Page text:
I am a feminist, and damn proud of it. Lately, I decided to do some more reading about some feminist topics and I decided to start with this book because it seemed pretty short and sweet.
And therein lies the problem with He's a Stud, She's a Slut, and 49 Other Double Standards Every Woman Should Know. It's too brief. If the author had picked a smaller number of topics and went more in-depth, I think this would have been a much better book.
Also, Valenti said this lovely gem on page 128 (that's total sarcasm, if you can't tell. I thought it was horribly offensive):
"If a guy woke up and have been raped by another man after drinking too much, do you have any doubt in your mind that people would believe the victim? Just saying" (128).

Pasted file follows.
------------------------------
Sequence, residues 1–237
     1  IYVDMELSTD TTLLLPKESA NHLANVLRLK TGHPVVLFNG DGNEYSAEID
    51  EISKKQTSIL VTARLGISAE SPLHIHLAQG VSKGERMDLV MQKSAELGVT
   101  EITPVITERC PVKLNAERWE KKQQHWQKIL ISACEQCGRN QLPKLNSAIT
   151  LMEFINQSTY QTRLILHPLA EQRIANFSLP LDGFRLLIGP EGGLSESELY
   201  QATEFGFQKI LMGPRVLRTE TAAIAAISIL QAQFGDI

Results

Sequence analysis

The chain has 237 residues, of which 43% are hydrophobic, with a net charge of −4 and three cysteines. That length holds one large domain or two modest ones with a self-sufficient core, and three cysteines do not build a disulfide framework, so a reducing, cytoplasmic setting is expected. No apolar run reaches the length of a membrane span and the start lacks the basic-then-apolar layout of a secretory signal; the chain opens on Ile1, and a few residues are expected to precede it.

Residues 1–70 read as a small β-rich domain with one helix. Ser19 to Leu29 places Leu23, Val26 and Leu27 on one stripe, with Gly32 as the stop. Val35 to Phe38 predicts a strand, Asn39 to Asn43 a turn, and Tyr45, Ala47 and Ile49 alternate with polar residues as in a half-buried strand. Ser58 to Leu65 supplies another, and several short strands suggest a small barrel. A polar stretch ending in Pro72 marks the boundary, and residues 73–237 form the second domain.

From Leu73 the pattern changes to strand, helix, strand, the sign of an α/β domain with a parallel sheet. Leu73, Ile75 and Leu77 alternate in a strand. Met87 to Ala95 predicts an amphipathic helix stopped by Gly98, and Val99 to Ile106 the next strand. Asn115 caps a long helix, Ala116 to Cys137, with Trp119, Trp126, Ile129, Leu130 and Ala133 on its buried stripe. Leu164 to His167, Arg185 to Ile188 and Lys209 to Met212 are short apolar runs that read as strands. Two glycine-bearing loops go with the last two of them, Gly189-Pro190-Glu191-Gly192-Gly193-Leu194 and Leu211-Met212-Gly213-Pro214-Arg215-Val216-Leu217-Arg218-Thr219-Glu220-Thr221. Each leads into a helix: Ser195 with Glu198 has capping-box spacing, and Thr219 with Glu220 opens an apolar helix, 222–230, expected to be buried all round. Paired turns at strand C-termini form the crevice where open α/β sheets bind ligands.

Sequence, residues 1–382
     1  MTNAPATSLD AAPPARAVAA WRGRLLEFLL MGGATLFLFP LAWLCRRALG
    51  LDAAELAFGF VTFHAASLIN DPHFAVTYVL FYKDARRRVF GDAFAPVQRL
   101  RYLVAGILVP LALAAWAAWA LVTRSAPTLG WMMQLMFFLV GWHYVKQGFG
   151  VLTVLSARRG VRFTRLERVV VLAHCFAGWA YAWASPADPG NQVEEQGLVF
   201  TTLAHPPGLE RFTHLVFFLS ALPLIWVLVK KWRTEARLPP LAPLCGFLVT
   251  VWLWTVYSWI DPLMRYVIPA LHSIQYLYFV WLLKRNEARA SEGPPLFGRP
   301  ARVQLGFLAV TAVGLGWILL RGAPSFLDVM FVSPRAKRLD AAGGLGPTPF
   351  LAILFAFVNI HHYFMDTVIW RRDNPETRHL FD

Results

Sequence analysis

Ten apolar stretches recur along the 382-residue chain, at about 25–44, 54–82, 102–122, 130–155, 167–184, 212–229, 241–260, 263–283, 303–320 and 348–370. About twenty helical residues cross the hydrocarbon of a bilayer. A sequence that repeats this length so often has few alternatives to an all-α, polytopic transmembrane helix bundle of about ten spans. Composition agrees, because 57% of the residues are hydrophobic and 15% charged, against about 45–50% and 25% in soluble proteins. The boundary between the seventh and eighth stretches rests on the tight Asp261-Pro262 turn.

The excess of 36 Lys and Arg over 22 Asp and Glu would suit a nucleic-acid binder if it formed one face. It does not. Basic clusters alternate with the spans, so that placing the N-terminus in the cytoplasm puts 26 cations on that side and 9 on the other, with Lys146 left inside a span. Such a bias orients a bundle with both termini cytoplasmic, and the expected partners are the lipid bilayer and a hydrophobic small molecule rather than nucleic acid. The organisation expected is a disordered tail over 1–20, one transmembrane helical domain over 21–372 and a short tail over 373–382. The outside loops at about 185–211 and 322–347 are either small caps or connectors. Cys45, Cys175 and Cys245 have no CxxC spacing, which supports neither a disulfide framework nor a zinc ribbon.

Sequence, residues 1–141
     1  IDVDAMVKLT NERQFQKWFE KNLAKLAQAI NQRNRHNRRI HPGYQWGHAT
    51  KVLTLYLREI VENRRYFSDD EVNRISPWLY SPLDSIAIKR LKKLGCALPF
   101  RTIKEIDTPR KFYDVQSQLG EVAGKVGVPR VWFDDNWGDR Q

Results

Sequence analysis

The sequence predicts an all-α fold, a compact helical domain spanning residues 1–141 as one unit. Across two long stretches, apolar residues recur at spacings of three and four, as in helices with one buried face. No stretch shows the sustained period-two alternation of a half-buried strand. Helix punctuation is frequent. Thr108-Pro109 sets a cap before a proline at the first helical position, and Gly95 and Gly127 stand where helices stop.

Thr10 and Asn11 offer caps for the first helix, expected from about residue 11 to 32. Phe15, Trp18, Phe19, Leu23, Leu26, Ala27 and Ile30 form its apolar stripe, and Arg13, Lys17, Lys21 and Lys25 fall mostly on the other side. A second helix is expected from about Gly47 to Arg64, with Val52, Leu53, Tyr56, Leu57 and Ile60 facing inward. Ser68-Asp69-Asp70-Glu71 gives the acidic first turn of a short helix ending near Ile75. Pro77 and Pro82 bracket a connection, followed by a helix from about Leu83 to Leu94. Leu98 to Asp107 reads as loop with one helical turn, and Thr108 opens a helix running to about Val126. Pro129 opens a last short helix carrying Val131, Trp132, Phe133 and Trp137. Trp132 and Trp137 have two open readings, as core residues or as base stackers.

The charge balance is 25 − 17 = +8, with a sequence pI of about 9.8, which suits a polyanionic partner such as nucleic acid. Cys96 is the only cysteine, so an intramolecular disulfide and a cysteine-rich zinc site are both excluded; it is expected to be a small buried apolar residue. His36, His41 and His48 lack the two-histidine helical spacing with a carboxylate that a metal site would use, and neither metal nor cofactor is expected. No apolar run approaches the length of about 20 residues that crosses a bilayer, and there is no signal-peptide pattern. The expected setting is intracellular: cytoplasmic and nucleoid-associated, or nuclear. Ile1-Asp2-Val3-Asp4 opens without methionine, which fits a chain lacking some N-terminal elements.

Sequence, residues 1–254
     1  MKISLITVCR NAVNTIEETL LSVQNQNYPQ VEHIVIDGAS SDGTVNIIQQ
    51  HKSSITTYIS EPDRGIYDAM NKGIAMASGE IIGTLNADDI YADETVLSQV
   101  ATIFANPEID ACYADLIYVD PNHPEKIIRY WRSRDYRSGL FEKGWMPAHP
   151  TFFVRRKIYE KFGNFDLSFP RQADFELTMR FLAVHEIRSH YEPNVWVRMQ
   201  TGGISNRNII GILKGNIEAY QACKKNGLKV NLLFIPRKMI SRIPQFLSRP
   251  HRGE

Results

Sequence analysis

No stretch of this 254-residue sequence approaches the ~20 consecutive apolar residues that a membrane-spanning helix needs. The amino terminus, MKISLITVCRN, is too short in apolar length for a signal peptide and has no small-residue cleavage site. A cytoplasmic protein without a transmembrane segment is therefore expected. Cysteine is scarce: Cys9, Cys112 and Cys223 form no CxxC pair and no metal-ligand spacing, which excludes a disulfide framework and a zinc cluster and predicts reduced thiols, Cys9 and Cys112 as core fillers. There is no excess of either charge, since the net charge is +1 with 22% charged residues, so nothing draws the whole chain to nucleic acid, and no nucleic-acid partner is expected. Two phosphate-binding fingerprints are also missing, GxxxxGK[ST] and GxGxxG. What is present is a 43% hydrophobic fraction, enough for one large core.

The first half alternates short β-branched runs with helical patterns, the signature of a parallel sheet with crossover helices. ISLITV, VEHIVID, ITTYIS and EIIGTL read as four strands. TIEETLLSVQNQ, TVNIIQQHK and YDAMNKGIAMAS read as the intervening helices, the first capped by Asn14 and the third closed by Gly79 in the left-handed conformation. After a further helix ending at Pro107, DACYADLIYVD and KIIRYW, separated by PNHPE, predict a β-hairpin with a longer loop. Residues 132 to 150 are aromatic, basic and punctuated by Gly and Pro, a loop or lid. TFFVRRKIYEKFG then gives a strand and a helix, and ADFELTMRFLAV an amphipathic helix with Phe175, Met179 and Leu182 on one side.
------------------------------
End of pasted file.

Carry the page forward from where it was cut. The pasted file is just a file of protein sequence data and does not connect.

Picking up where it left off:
As I said in my status update: Rape involving male victims are rarely reported, so fuck you for insinuating that it's so easy for them to just report it. Victim blaming happens regardless of gender, in different ways, but it happens nonetheless.
I also have a small qualm about the title: I would argue since women deal with these double standards every fucking day, I think it's more important that the men who might not necessarily notice are aware of the double standards that favor them. So yeah, I think it should be "everybody" or "every person" instead of "every woman".
•He's a Politican, She's a Fashion Plate
•He's angry, She's PMSing
•He's Tough, She's a Tomboy
•He's a Bachelor, She's a Spinster
•He's a Romeo, She's a Stalker
•He's the Boss, She's a Bitch
Interesting topics that shoulda been expanded on:
•He's a Stud, She's a Slut
•He's lucky, She's Lolita
Tl;dr version- There are some chapters that just hit the nail on the head, and then there are some that have potential but could have been expanded on. If Valenti had picked, like, 10 double standards and really analyzed them I think this would have been a much better book.